Add login to your Spring Webapp

Using Spring WebFlux?

This tutorial uses Spring MVC. If you are using Spring WebFlux, the steps to add authentication are similar, but some implementation details are different. Refer to the Spring Boot WebFlux Sample Code to see how to integrate Auth0 with your Spring Boot WebFlux application.

To use Auth0 services, you’ll need to have an application set up in the Auth0 Dashboard. The Auth0 application is where you will configure how you want authentication to work for the project you are developing.

Configure an application

Use the interactive selector to create a new Auth0 application or select an existing application that represents the project you want to integrate with. Every application in Auth0 is assigned an alphanumeric, unique client ID that your application code will use to call Auth0 APIs through the SDK.

Any settings you configure using this quickstart will automatically update for your Application in the Dashboard, which is where you can manage your Applications in the future.

If you would rather explore a complete configuration, you can view a sample application instead.

Configure Callback URLs

A callback URL is a URL in your application that you would like Auth0 to redirect users to after they have authenticated. If not set, users will not be returned to your application after they log in.

Configure Logout URLs

A logout URL is a URL in your application that you would like Auth0 to redirect users to after they have logged out. If not set, users will not be able to log out from your application and will receive an error.

Add Spring dependencies

Spring Boot provides a spring-boot-starter-oauth2-client starter, which provides all the Spring Security dependencies needed to add authentication to your web application.

If you're using Gradle, you can include these dependencies as shown below.

plugins {
    id 'java'
    id 'org.springframework.boot' version '2.5.12'
    id 'io.spring.dependency-management' version '1.0.9.RELEASE'

dependencies {
    implementation 'org.springframework.boot:spring-boot-starter-web'
    implementation 'org.springframework.boot:spring-boot-starter-oauth2-client'
    implementation 'org.springframework.boot:spring-boot-starter-thymeleaf'
    implementation 'org.thymeleaf.extras:thymeleaf-extras-springsecurity5'

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If you are using Maven:



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Spring Security makes it easy to configure your application for authentication with OIDC providers such as Auth0. In your application's configuration, configure the OAuth2 client and provider. The sample to the right shows an application.yml file, though you can also use properties files or any of the other supported externalization mechanisms.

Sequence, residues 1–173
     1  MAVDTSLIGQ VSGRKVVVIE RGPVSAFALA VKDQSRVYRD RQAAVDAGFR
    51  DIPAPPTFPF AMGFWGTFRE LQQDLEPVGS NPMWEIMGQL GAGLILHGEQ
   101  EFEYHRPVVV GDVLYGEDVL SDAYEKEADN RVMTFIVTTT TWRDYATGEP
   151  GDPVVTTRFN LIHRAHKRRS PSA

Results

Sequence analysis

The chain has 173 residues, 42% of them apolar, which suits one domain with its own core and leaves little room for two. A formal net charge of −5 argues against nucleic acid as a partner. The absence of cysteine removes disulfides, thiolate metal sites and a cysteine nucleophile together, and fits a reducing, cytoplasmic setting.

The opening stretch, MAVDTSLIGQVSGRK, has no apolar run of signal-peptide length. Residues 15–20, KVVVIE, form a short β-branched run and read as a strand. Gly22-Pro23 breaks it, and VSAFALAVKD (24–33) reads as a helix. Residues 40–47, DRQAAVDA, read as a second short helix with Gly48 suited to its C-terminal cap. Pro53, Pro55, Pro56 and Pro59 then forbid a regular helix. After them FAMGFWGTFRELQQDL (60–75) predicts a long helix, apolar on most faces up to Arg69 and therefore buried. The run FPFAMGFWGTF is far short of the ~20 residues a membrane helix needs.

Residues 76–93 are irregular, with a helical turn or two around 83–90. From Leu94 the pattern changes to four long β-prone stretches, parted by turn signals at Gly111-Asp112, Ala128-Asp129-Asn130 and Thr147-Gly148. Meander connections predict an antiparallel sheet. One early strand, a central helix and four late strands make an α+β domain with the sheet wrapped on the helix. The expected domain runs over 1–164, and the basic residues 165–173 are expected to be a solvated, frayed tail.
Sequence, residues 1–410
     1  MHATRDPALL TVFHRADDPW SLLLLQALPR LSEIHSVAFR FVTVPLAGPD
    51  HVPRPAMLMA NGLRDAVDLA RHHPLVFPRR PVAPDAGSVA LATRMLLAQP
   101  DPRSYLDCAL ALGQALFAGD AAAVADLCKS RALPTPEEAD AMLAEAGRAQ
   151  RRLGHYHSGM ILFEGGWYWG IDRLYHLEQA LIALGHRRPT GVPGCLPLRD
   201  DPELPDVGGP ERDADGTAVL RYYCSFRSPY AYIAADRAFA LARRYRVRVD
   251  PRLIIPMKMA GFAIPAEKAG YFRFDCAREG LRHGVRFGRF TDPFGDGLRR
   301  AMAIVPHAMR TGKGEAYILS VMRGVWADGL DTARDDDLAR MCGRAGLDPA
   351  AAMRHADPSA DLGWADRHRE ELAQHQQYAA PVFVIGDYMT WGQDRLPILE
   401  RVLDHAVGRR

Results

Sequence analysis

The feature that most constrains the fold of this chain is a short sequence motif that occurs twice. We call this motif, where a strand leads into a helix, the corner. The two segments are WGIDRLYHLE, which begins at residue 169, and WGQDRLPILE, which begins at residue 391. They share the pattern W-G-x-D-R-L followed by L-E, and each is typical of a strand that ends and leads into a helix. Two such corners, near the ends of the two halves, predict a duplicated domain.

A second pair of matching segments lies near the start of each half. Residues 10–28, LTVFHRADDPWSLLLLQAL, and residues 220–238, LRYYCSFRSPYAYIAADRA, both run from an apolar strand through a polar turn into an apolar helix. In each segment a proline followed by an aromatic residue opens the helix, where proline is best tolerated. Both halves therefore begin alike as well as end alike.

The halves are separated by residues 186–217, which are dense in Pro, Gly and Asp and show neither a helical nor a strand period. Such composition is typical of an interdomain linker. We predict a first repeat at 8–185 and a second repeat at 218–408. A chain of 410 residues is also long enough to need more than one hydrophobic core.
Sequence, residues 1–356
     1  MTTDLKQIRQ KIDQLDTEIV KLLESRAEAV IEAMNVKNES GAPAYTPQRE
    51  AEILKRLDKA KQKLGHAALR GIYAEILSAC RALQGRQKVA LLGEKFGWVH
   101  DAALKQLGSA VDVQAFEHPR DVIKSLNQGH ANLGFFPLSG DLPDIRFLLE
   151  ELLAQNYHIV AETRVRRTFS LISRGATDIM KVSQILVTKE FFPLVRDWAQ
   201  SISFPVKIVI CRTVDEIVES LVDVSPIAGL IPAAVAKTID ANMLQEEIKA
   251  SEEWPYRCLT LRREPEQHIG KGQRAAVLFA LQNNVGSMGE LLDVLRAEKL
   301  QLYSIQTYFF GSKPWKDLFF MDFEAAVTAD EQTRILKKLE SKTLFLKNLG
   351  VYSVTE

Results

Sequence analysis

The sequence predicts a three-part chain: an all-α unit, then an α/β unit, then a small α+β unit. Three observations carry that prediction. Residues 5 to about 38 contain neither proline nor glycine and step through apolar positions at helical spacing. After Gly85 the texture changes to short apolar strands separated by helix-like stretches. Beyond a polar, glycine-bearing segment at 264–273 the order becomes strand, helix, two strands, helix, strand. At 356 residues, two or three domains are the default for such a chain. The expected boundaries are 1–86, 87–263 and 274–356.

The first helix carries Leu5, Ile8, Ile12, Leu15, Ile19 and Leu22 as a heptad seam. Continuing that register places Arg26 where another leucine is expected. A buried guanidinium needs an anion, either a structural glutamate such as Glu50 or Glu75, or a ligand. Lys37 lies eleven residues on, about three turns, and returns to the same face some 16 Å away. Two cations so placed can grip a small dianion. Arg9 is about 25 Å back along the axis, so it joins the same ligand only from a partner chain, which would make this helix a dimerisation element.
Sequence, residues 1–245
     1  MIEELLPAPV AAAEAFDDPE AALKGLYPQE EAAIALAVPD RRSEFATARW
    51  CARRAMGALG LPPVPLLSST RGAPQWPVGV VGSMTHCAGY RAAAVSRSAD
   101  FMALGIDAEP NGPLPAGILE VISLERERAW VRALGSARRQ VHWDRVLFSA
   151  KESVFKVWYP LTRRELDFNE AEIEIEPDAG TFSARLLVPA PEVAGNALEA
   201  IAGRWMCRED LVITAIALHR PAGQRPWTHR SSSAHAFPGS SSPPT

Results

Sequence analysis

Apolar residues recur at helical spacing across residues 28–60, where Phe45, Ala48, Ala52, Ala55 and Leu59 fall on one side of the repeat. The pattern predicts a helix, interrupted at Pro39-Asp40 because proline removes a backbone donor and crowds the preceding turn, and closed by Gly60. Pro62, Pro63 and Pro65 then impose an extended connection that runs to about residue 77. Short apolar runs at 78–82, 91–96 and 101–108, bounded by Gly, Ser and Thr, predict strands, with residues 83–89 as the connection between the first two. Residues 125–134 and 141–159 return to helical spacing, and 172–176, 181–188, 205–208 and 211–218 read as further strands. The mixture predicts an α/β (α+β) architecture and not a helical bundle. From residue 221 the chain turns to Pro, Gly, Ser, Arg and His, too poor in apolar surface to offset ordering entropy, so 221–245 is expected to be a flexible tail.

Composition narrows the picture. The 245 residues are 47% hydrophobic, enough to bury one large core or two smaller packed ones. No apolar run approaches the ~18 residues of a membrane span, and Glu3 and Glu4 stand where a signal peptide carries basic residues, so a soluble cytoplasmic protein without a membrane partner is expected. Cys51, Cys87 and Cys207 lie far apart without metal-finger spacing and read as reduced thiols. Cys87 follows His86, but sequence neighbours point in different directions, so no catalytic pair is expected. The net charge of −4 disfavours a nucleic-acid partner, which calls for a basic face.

To enable user login with Auth0, create a class that will provide an instance of SecurityFilterChain, and add the @EnableWebSecurity annotation.

Later in this quickstart, you will overwrite this file with to provide extra configurations to support the logout feature.

Spring Security uses the client configuration you defined earlier to handle login when a user visits the /oauth2/authorization/auth0 path of your application. You can use this to create a login link in your application.

This page returns the user attributes when the user authentications. You will use the /logout link in the template to implement the logout feature.

Create a controller to handle the incoming request. This controller renders the index.html page. When the user authenticates, the application retrieves the users's profile information attributes to render the page.


When you click the login link, verify the application redirects you to the Auth0 Universal Login page and that you can now log in or sign up using a username and password or a social provider.

Auth0 Universal Login

Now that users can log into your application, they need a way to log out. By default, Spring Security logs user out of your application and clears the session when you enable logout. To enable successful Auth0 logout, extend the SecurityContextLogoutHandler class to redirect users to your Auth0 logout endpoint (https://{yourDomain}/v2/logout) and then immediately redirect them to your application.

Next, update your implementation of SecurityFilterChain to register your logout handler and specify the request path that should trigger logout (/logout in the example below).

You can remove the and replace it with or update the contents from the one file to another.


When you click logout link, the application should redirect you to the address you specified as one of the "Allowed Logout URLs" in the "Settings" and you are no longer logged in to your application.

Next Steps

Excellent work! If you made it this far, you should now have login, logout, and user profile information running in your application.

This concludes our quickstart tutorial, but there is so much more to explore. To learn more about what you can do with Auth0, check out:

  • Auth0 Dashboard - Learn how to configure and manage your Auth0 tenant and applications
  • Auth0 Marketplace - Discover integrations you can enable to extend Auth0’s functionality

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